Mechanics and execution of homologous recombination – biophysics to the organism


  • Dr Simon Boulton

    The Francis Crick Institute

  • Dr Lumir Krejci

    Masaryk University

  • Prof Eric Greene

    Columbia University

  • Prof David Rueda

    Imperial College London

Project summary

DNA, the molecule that encodes our genetic information, is under constant attack from both external and internal factors, such as UV light from the sun and by-products of cellular metabolism. These factors damage DNA and it must be repaired correctly to prevent mutations and more complex chromosome alterations, which drive ageing, cancer and other diseases. Arguably the most severe form of DNA damage is the double strand break (DSB), in which both strands of the DNA duplex are severed. Fortunately, cells possess several DNA repair mechanisms that can rejoin or replace the genetic information at a DSB, including non-homologous end joining and homologous recombination (HR).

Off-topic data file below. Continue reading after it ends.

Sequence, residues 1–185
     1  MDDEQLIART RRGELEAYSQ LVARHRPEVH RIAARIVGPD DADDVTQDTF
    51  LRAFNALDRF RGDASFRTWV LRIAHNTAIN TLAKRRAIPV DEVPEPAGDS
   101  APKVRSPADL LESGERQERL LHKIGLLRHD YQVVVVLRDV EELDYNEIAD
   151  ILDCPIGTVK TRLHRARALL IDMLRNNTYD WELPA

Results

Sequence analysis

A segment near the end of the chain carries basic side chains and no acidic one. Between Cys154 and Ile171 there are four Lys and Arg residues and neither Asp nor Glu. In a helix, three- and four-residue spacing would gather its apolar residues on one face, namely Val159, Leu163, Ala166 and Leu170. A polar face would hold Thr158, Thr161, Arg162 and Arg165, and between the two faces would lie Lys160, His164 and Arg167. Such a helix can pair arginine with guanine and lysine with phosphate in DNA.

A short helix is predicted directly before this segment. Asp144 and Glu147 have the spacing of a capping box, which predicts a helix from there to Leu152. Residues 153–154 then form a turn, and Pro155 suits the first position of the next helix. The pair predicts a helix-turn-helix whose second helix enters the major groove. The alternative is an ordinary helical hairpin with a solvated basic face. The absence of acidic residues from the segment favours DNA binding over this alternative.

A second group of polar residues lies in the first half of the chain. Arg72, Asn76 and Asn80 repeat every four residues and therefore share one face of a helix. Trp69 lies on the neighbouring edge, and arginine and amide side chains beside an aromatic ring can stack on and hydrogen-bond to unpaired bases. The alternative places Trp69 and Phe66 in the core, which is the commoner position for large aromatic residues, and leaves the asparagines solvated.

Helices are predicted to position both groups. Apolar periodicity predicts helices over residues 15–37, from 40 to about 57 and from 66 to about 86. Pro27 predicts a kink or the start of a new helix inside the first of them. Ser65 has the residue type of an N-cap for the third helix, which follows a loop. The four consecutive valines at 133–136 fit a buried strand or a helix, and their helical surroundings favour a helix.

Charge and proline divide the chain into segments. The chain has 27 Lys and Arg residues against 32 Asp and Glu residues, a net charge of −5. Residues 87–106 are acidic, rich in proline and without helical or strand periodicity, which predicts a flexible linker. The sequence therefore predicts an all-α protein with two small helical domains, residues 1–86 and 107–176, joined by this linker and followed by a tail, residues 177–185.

We will investigate the mechanics of the HR process in unprecedented detail. Much of our collaborative work will focus on the regulation of a key HR protein Rad51, which has the remarkable ability to catalyse invasion of a broken DNA molecule into an intact template DNA duplex.

Many mutations we will study are found in breast and ovarian cancers and our work will lead to an improved understanding of these diseases.